Comparative advertising constitutes unfair competition when it confuses the consumer or induces them into error when referring to the product’s or service’s characteristics or information, that, even if true, is presented in an inaccurate, false, exaggerated, malicious or tendentious manner.
In order not to fall under the scope of unfair competition, the following rules must be observed:
- Avoid the use of categorical or superlative terms such as ‘the best’, unless such terms are entirely grounded and certified.
- Compare the same specific product with the same function or substitute products.
- Compare products that are in the same price range (ie, expressed in money, not percentages) – the price must be certifiable to provide objectivity.
Although comparative advertising is not prohibited in Mexico, it must be used carefully, unlike in other parts of the world, since in Mexico there is a very thin line between legality and illegality. A genuine competitor can incur unfair competition and several other infringements under in the Industrial Property Law and the Consumer Protection Federal Law without intending to cause confusion among consumers.
‘Ambush marketing’ is defined as an advertising strategy put into action by a competitor of the official sponsor of a major event, in which the competitor literally ambushes the event (commonly seen in sporting events, such as the World Cup, Formula 1 or Wimbledon) in order to cause or induce consumers to confusion, by making them believe in the existence of a commercial relationship or association between the event’s organiser and its product.
An example of ambush marketing is when a competitor gives its products away as gifts on a massive scale to the attendees of an event, while the official sponsor’s products are advertised and sold inside the venue. The competitor tries to induce consumer confusion and make them believe in the existence of a commercial relationship between the event and its product due to the overwhelming exposure of its trademarks.
In Mexico, when an entity commits infringement as a result of unfair competition practices, the entity whose rights were violated can file a claim before the IMPI; however, when such conduct is due to unorthodox advertising strategies, the claim can be filed before the IMPI and/or the PROFECO.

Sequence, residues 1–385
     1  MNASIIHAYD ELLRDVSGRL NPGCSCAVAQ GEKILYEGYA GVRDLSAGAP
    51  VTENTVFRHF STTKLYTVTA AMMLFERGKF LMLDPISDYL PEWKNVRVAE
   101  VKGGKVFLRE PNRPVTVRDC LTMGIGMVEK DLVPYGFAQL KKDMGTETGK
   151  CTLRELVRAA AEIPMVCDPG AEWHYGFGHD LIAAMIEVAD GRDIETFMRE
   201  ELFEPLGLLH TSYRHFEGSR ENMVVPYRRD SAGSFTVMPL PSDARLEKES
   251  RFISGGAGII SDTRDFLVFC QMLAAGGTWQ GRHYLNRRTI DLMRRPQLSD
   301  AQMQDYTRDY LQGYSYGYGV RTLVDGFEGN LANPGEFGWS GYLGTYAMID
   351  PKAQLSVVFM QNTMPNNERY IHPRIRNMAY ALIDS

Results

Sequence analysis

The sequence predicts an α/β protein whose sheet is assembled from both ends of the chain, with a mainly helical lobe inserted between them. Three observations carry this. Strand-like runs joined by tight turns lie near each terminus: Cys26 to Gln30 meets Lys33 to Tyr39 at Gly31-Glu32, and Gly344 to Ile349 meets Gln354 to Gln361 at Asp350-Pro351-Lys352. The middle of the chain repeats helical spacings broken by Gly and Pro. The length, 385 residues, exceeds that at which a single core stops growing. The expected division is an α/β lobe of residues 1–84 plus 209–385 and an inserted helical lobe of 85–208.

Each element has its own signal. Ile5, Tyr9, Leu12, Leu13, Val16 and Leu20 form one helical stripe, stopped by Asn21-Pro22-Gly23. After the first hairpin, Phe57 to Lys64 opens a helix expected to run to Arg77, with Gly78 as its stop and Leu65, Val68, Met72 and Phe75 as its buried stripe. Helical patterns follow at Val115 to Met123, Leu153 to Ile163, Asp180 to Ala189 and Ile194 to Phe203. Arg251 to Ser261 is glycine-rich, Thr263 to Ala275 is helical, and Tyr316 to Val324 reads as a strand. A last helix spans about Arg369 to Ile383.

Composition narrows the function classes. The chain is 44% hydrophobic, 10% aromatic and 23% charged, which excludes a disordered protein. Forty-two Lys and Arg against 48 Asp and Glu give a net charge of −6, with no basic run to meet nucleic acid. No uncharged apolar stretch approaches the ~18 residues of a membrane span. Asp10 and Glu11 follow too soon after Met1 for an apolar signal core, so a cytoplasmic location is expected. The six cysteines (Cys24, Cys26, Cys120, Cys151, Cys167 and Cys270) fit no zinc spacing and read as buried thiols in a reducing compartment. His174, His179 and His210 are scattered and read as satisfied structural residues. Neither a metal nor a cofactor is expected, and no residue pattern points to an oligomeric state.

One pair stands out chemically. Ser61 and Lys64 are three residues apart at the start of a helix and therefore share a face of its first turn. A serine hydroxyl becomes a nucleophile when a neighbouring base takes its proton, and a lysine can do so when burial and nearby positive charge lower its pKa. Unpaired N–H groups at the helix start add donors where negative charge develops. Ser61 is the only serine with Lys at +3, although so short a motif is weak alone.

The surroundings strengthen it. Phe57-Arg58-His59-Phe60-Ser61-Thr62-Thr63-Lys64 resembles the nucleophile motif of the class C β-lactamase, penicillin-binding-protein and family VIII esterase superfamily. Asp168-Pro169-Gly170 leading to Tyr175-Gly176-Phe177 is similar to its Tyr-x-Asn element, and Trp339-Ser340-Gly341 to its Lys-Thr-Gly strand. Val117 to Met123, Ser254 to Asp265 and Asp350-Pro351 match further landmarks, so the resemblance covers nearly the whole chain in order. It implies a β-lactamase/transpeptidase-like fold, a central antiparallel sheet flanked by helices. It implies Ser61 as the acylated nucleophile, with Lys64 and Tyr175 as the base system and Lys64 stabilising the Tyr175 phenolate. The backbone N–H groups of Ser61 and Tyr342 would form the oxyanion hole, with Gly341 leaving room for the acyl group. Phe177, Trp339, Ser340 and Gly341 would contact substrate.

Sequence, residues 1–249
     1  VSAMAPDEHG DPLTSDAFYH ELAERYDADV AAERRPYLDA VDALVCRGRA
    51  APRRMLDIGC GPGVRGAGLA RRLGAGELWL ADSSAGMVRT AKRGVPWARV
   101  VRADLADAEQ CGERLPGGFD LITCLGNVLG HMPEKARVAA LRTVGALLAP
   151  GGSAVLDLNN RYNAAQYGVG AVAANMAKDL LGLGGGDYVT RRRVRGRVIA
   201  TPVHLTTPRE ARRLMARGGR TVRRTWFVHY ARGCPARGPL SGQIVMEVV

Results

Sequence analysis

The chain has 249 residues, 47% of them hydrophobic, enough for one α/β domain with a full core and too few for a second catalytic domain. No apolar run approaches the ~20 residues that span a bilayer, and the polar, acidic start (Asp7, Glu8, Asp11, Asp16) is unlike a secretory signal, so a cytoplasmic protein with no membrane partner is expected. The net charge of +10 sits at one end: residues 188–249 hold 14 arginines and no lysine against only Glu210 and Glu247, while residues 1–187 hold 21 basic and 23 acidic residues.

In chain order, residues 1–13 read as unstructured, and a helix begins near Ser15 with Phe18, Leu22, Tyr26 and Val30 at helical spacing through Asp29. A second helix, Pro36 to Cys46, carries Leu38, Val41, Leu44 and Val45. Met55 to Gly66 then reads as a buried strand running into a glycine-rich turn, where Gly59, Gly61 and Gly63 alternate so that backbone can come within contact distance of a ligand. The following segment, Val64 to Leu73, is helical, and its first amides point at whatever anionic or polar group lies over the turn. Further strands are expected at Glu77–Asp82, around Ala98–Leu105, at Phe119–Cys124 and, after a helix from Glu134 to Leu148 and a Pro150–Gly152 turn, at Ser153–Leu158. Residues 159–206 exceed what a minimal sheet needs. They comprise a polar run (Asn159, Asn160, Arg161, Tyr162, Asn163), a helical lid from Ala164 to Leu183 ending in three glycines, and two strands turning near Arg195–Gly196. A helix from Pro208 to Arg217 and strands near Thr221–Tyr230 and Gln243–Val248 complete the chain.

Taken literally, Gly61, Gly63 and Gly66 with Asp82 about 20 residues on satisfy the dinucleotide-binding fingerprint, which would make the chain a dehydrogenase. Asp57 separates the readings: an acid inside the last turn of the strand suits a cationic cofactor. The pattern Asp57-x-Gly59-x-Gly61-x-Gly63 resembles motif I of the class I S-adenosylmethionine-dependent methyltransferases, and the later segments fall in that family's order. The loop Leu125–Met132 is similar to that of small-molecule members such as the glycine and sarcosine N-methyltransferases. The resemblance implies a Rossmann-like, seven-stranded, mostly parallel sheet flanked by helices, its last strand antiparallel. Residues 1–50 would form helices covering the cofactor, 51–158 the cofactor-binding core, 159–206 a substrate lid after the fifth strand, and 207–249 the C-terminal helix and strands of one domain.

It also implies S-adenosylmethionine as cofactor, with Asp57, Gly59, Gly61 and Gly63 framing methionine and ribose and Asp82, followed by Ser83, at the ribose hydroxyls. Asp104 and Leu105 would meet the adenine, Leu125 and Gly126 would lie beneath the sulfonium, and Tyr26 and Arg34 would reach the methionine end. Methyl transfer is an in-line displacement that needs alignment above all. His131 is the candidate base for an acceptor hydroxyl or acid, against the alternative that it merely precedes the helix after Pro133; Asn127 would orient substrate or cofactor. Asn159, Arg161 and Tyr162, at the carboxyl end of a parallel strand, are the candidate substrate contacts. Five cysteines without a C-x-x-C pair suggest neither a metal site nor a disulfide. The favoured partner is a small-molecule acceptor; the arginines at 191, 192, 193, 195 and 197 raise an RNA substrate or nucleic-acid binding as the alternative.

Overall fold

The procedure before the PROFECO consists of a claim made by a party (which can be an individual or the affected corporation), which is never a party in the procedure. The PROFECO, acting as a state attorney, will investigate the facts and decide whether the defendant is guilty of committing the claimed unfair competition acts in the course of advertising.
This is in contrast to the procedure before the IMPI. Here, there is a plaintiff and a defendant, both of whom must provide enough evidence to sustain either the claim or the defence; the IMPI acts as a judge and will decide whether the conduct constitutes unfair competition.
In both cases, the penalty will be a fine, calculated based on the seriousness of the conduct and the recidivism. In the PROFECO procedure, the infringement of Article 32 of the Consumer Protection Federal Law is always considered as severe; in case of recidivism, the fine will amount to 10% of the annual gross income of the infringer, which was obtained due to the commercialisation of the goods or services related to the unfair competition practice.
Decisions issued by the IMPI and the PROFECO are not final and can be appealed before the Federal Court of Administrative Affairs and, therefore, before the Federal Circuit Courts (through a juicio de amparo).
There are other possible remedies to take into account. In Mexico, the non-profit organisation Consejo de Autorregulación y Ética Publicitaria AC (CONAR) was founded by several players in the advertising industry (eg, advertisers, agencies and media companies) with the purpose of serving as a conciliator in alternative dispute resolution (ADR) proceedings of an advertising nature and issuing resolutions based on the Code of Advertising Ethics. In this regard, should the entity whose rights were violated decide not to file a claim before the relevant authorities (the IMPI and/or the PROFECO), it can approach the CONAR in order to start ADR against the party that it considers to have infringed its rights in order to settle the dispute in an amicable manner.
The CONAR also functions as an advocate for advertising ethics, in order to ensure that consumers receive the most accurate information through responsible advertising so as to avoid future unfair competition practices among its members.
Most companies play by the rules (ie, the accepted habits, methods, strategies and actual laws) and rely on competitive, rough advertising strategies, which result in healthy commercial battles with their competitors and bring out the best in their advertising and marketing departments in terms of creativity and innovation to captivate consumers. However, some companies prefer to compete in a disloyal manner, trying to attract customers by inducing confusion or error, as well as misleading them by fraudulently comparing a diverse range of goods and services available in the market. Thankfully, there are now robust mechanisms in place to address such conduct.